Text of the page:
Finally, there is also the recent fiasco with the YouTube Rewind 2018 video (which broke the record for the number of dislikes in a single video, as well as the record of how quickly a video accumulates dislikes). This may seem insignificant to the YouTube fanatic, whose allegiance to YouTube and Alphabet trumps any rational thoughts on this matter, but the fact is that the company doesn't care about its content creators. Otherwise, it would mention the ones that actually make a contribution to it, instead of veering away from them, in favor of a celebrity and some not so relevant YouTubers. I don't know about you, but I'd rather not make videos at all than publish my videos to a platform like this, which fails to appreciate its contributors.
So, if you are someone thinking of becoming a content creator and make a revenue from all this, there are better ways than YouTube. Perhaps it was a viable option once but right now it’s one of the worst places to publish your stuff. Besides, with Safari and other quality-based platforms out there, figuring out what to do with a quality video is really a no-brainer.
(Image by lazyprogrammer.me)
PCA has attracted a lot of questions among all of my mentees over the years, so I decided to make a fairly in-depth video on the topic. Unlike other education material on PCA, this one is light on the math, while there is a lot of emphasis on the concepts as well as how they apply to a data scientist's work. You can check out the video on Safari here.
Note that in order to view the video in its entirety you'll need a subscription to the Safari platform. Cheers!
Lately it’s hard to find someone who is a legit data scientist and yet doesn’t talk about Stats as if it’s a new religion or something. Don’t get me wrong; I find Stats a very useful tool in data analytics, especially data science. However, there are other, usually most suitable options out there to have in one’s data science toolbox.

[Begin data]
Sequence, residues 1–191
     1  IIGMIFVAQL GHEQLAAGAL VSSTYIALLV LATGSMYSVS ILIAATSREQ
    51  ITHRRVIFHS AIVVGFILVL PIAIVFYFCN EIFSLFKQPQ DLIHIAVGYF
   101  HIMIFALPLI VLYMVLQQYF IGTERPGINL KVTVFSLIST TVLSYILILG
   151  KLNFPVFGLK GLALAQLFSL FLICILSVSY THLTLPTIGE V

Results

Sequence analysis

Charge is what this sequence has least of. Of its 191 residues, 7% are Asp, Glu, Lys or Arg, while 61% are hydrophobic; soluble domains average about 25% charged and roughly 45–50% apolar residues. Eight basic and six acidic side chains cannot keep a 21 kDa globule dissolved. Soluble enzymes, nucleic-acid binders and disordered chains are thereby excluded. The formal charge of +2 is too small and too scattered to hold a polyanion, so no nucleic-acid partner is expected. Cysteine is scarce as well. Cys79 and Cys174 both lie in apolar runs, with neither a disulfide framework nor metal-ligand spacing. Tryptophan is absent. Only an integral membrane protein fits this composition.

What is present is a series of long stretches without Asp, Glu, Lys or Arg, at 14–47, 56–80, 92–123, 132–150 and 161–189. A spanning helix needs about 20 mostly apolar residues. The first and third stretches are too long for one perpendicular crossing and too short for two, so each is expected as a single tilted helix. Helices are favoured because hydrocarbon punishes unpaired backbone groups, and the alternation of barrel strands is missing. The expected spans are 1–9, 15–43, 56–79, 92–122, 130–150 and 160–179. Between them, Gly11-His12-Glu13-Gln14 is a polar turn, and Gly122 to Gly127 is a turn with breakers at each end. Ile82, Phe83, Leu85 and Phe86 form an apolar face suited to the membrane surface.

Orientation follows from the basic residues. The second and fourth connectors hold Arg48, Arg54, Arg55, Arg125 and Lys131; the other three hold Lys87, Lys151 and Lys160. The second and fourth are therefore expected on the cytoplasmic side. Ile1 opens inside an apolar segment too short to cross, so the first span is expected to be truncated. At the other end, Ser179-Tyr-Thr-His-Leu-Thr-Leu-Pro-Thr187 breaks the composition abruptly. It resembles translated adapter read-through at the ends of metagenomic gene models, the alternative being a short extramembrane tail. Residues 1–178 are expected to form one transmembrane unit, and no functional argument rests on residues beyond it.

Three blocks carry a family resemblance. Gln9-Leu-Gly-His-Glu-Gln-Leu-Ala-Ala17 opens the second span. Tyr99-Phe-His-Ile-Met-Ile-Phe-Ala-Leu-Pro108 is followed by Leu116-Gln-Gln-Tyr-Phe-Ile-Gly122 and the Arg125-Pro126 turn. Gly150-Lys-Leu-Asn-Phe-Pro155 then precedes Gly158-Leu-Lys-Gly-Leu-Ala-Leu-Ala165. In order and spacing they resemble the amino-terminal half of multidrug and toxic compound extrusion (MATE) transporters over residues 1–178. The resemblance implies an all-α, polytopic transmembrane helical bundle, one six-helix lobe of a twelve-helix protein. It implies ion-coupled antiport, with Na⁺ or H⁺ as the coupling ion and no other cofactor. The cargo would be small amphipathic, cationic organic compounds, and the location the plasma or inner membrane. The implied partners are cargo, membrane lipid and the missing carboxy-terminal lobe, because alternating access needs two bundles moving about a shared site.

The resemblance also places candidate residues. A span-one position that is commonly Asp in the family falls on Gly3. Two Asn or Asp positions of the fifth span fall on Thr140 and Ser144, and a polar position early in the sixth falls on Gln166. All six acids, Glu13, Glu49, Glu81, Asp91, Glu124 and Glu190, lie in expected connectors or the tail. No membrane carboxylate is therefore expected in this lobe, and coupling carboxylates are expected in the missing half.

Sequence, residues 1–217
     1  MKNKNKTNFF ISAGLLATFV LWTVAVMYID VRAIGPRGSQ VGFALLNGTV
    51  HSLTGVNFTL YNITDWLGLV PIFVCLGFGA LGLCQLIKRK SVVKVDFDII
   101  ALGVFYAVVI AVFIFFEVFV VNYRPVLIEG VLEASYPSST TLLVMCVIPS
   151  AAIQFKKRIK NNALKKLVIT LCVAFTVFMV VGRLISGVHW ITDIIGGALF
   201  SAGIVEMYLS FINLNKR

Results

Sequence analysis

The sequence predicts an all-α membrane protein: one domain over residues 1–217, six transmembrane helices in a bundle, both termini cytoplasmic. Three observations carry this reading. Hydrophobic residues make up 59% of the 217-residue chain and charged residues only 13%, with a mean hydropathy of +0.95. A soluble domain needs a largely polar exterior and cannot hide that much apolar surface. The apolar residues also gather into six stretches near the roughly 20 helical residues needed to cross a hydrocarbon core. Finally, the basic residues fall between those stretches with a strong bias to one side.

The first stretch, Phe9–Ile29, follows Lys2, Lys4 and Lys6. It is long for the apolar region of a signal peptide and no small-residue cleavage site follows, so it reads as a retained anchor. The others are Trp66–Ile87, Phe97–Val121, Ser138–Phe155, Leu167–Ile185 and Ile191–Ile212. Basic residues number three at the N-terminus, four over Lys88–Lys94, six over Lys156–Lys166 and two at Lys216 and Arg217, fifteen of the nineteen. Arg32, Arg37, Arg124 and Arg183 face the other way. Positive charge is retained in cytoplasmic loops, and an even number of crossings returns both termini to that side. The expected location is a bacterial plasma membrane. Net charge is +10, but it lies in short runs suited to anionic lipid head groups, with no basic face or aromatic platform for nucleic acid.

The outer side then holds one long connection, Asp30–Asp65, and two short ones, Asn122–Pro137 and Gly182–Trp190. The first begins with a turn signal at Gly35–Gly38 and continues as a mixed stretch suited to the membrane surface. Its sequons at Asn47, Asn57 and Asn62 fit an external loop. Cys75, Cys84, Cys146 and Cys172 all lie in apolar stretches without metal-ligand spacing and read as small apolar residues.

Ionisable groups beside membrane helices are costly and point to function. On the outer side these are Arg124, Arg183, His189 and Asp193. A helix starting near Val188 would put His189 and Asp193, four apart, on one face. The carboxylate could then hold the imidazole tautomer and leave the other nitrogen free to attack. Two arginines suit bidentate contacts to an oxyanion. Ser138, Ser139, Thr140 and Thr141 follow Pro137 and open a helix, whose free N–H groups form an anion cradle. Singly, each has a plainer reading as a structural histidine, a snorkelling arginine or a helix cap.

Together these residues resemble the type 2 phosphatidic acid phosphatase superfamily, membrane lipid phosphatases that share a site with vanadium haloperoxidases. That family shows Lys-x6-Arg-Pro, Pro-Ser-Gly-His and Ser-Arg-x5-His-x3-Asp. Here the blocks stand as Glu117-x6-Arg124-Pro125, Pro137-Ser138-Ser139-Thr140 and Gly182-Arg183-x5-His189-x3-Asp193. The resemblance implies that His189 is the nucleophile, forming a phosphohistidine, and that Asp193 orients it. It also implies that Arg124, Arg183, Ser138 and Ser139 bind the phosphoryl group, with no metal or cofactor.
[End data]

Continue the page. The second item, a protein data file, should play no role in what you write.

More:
First of all, Statistics is the state-of-the-art approach to data modeling, if you live in the mid 20th century. In our time, Stats, particularly frequentist Stats, is greatly outdated and many of the assumptions it makes about the data don’t make any sense. Also, transforming the data so that it fits the assumptions many Stats models make, is a time-consuming process which may or may not be worth the trouble. Of course if you know nothing else, or have trust issues with novel modeling options, then Stats may be the best option for you. In this case, however, it is best to brand yourself as a Stats professional instead of a data scientist, since the latter implies that you do more than just Stats.
In addition, pretty much all of the metrics used in Stats can be improved heavily by negating the normality assumption. The more data I come across, the more certain I am that this assumption may make sense in some cases, but in the majority of cases it doesn’t hold. So, using metrics that have this assumption embedded in them doesn’t really help anyone. What’s more, all this framework inevitably shapes one’s mindset and so if you get used to the unreasonable assumptions Stats usually makes about the data, you may not be able to think of the data in a different way.
Moreover, with the advent of A.I., especially the A.I. that’s directly applicable to data science, the data transformation and modeling options available to data scientists have increased dramatically. So, relying on Stats is more of a preference rather than a necessity. Besides, it’s extremely unlikely that a Stats model will be able to outperform an A.I. one when the latter is well configured.
Finally, there are other new data analytics methods waiting to be discovered and used in data science. Heuristics have made a comeback and are more and more popular in data science research, especially when it comes to complex datasets. So, sticking to Stats when there is a plethora of possibilities out there that can tackle a problem more effectively is just depressing.
Having said all that, Stats is a useful subject to learn, as it can aid one’s learning of the data science craft. Much like learning basic Mechanics can be useful if you want to being a Physics professional, learning Stats can be quite useful. Sticking to it and thinking of it as gospel, however, is not. That’s why after learning about it, it’s best to seek to expand your understanding of data analytics through delving into other frameworks, such as Machine Learning, A.I. based systems, and heuristics. Stats is just one of the tools available in the data scientist's toolbox...